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Financial KPIs And Metrics For Dentists

Financial KPIs are the foundation of business success for dental practices. By setting and tracking specific accounting metrics and values, you can ensure that your business is continually achieving its objectives. In this article, we explore essential accounting KPIs and metrics that every dentist should track to maximize their business’s financial success.

1. Net Profit Before Owner Compensation

A more precise measure of your businesses profitability is net profit before owner compensation. This financial KPI reflects your profit after accounting for overhead administrative and operating expenses like rent, insurance, utilities, team payroll, discounts and write-offs, and before interest and depreciation. A healthy dental practice should generate 40-50% net profit for the owner and for debt repayment. The inverse is that overhead expenses should be in the 50-60% range.

2. Accounts Receivable

Your accounts receivable balance should be 1-1.5 times average monthly collections. Review your accounts receivable aging report regularly and set goals for regular collection calls to patients and insurance payers. You should be collecting at least 98% of your billings, meaning you should have no more than 2% bad debts.

3. Cash Flow

Monitoring cash flow is vital for handling expenses, investing in growth, and navigating unexpected financial challenges in your business. By regularly reviewing this financial KPI and ensuring you’re maintaining a cash flow positive position, you can safeguard the financial health of your business and ensure all expenses are paid on time. Your P&L alone is inadequate because it does not track debt principal payments, a key element of your cash flow. Good accounting software will generate a cash flow statement, allowing you to see when cash is being used.

4. Production Per Chair

A key accounting KPI is to calculate the collections per dentist chair or treatment room. An average monthly production per dental treatment room is around $25,000 or $300,000 per year. Aiming for a rate above this will help your dental practice succeed over your competitors. If your Patient Management System does not track this metric, divide collections by the number of chairs for the time period of interest.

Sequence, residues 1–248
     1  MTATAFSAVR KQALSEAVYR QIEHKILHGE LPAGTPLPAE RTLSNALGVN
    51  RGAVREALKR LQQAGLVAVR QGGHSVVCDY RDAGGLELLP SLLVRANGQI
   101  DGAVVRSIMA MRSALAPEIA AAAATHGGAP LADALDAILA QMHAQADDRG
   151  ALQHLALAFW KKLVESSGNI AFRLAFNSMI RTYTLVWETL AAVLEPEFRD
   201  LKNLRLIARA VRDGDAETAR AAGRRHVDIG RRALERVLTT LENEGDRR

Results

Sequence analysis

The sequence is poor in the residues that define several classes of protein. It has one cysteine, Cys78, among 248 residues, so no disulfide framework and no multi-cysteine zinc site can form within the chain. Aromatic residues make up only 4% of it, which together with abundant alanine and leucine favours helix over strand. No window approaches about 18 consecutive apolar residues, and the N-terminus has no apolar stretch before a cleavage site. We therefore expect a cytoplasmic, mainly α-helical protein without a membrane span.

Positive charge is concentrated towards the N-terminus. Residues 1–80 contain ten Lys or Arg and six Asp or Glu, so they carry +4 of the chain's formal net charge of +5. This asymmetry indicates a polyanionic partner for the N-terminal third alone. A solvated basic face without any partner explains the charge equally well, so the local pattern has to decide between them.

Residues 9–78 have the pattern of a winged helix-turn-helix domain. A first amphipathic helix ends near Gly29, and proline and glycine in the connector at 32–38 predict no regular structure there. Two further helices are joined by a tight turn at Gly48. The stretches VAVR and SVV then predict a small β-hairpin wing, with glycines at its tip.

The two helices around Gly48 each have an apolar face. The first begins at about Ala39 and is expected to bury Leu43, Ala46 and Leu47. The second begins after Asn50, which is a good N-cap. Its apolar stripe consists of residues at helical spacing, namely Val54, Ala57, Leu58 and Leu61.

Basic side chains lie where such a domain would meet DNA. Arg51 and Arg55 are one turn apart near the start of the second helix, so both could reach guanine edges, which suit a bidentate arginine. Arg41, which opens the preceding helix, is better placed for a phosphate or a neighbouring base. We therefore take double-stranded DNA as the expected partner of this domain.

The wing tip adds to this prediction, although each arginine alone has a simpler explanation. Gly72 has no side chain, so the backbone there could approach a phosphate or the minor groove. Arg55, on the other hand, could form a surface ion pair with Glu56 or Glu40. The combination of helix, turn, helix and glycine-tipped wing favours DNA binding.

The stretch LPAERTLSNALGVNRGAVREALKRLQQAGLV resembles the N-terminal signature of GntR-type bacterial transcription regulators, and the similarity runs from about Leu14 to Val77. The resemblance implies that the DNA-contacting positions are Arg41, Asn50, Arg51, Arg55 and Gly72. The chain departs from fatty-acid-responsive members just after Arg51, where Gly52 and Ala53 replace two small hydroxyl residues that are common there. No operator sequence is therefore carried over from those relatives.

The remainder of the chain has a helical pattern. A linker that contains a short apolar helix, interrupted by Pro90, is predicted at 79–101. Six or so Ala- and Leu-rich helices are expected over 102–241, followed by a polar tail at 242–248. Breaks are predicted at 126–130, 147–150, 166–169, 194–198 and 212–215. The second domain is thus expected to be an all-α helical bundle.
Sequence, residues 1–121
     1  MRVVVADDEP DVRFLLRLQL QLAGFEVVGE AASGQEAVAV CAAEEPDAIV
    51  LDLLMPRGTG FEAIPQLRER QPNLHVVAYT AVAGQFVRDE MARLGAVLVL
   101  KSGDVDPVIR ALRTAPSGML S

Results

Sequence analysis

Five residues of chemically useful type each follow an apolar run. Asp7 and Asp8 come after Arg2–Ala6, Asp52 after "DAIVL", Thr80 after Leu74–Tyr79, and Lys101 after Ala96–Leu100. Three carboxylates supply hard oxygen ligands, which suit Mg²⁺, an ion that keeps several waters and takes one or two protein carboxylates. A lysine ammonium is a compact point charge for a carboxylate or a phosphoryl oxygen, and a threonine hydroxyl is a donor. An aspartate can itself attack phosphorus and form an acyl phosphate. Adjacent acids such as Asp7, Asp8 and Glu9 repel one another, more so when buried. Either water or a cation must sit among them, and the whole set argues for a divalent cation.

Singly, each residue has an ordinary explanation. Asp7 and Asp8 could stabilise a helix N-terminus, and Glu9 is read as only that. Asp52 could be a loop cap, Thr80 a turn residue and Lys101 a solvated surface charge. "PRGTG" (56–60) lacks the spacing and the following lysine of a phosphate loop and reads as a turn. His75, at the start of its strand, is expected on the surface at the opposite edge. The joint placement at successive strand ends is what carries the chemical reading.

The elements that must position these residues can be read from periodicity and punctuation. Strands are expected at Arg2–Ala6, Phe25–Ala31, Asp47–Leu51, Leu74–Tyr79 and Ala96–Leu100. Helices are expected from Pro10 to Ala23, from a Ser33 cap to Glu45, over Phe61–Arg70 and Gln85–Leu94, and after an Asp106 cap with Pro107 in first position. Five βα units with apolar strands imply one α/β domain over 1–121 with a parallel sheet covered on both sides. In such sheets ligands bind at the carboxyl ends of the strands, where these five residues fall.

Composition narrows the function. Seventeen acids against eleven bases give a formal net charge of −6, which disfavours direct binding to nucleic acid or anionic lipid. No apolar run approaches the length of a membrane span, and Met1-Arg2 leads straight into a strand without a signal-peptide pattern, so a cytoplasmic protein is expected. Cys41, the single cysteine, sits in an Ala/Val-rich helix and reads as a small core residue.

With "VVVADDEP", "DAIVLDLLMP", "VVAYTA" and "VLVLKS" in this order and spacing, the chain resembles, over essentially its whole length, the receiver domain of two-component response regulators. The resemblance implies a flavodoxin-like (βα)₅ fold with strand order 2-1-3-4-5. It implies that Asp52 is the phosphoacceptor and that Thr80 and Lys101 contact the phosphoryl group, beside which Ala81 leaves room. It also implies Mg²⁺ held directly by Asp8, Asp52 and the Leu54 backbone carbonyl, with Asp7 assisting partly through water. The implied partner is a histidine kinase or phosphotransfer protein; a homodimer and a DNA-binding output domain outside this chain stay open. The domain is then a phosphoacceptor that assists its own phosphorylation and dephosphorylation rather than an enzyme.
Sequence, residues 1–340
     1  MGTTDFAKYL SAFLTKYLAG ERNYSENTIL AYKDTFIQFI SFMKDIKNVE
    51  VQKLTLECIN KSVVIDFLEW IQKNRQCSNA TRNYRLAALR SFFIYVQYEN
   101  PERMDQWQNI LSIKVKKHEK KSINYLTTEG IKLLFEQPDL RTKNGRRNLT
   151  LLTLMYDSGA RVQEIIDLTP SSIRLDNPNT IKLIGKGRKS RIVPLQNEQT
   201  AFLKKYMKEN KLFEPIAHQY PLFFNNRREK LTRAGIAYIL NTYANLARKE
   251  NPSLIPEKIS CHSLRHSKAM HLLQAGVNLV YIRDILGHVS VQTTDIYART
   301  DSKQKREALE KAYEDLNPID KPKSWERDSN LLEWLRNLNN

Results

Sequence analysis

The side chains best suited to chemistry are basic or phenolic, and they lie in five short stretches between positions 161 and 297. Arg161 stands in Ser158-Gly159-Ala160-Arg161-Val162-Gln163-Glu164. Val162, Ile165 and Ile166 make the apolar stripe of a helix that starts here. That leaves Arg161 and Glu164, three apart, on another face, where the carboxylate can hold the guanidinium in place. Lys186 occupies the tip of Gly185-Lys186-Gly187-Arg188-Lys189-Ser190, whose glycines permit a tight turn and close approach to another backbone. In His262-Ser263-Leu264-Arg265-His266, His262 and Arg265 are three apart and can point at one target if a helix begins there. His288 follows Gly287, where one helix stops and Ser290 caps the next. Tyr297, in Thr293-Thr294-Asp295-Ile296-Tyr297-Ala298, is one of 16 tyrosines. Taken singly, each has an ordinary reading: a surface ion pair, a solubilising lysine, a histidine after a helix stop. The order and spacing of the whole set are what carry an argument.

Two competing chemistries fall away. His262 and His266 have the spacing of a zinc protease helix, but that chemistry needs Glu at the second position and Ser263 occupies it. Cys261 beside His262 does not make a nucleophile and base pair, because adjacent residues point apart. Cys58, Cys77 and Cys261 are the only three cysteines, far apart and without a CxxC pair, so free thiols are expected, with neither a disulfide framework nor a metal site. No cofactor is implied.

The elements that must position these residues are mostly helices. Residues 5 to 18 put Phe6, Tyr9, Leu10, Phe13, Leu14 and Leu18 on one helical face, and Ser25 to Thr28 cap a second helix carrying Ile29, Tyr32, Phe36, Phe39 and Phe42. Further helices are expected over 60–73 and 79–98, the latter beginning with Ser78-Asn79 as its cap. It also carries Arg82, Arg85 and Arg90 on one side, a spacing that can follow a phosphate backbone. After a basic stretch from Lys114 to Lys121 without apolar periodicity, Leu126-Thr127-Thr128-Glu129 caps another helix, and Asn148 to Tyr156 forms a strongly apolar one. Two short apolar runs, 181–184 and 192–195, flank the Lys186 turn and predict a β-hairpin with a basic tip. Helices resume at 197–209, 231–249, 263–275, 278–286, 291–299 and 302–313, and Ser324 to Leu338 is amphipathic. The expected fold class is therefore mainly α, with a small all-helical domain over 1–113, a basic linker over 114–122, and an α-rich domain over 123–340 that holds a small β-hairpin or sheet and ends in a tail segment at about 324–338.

5. Case Acceptance Rate

Case acceptance rate is an accounting KPI that measures the rate of clients accepting your proposed dental services during a consultation. A higher case acceptance rate (including regular hygiene appointments) translates to increased revenue, showcasing the effectiveness of treatment plan presentations. If your case acceptance rate is too low, you can review your treatment options and sales process, and find ways to help clients understand your services better. First, calculate your current case acceptance rate (e.g. 70%), and then set a new target to work towards (e.g. 85%).

6. Active Patient Count

Tracking active patients or clients is an important accounting KPI that shows the satisfaction of your current client base. It’s calculated by tracking the total number of current active patients in your dental practice or business (e.g. clients that have been active in the last 6-12 months). If your active patient count is decreasing over time, you’ll want to identify the cause so that you can correct it. It’s important to retain your existing clients, while also attracting new ones. You can calculate your active patient rate by measuring the percentage of total active clients within a specific time period, e.g. 1,000 clients were active out of 1,200 in the last year = 80% active patient rate.

7. Marketing ROI

When it comes to marketing, an important financial KPI is to evaluate the effectiveness of your marketing efforts by measuring the return on investment for each channel or campaign. Calculate how much revenue each dollar of advertising spend generates (e.g. $1 of advertising generates $5 in sales). Then you can identify ways to increase this to become more profitable. Track where your patients are coming from and how they are finding you.

8. Average Transaction Value

Another important accounting KPI is to calculate the average transaction value of each customer in your dental practice. By measuring the revenue per patient, you can identify opportunities to increase this by offering add-on services, and increase your overall revenue.

9. Profit and Loss (P&L) Statement

While this is not a KPI, your P&L statement is the tool used to derive other KPIs. It’s important to regularly review your P&L statement, as it provides a comprehensive overview of revenue, expenses, and net profit. Keeping track of your monthly, quarterly, and annual performance helps you make informed financial and business decisions. The right chart of accounts will improve your ability to quickly see KPIs in your P&L statement.

Conclusion

Understanding and regularly monitoring your accounting KPIs empowers you to make informed decisions, identify growth opportunities, and build a financially robust and successful business. By keeping a vigilant eye on your accounting KPIs, you can improve your profitability, cash flow, overall patient satisfaction, and ensure long-term financial success. Contact our expert team of dental CPAs here at Drilldown Solution to find out more.

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Note: The material and contents provided in this article are informative in nature only. It is not intended to be advice and you should not act specifically on the basis of this information alone. If expert assistance is required, professional advice should be obtained.

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